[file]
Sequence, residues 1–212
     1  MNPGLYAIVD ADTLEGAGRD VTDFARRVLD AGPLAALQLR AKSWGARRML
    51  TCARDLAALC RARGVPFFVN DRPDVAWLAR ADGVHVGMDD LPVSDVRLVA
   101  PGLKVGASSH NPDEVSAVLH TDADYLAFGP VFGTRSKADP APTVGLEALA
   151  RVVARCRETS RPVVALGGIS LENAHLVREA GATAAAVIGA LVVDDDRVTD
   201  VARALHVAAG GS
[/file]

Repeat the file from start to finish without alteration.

Sequence, residues 1–212
     1  MNPGLYAIVD ADTLEGAGRD VTDFARRVLD AGPLAALQLR AKSWGARRML
    51  TCARDLAALC RARGVPFFVN DRPDVAWLAR ADGVHVGMDD LPVSDVRLVA
   101  PGLKVGASSH NPDEVSAVLH TDADYLAFGP VFGTRSKADP APTVGLEALA
   151  RVVARCRETS RPVVALGGIS LENAHLVREA GATAAAVIGA LVVDDDRVTD
   201  VARALHVAAG GS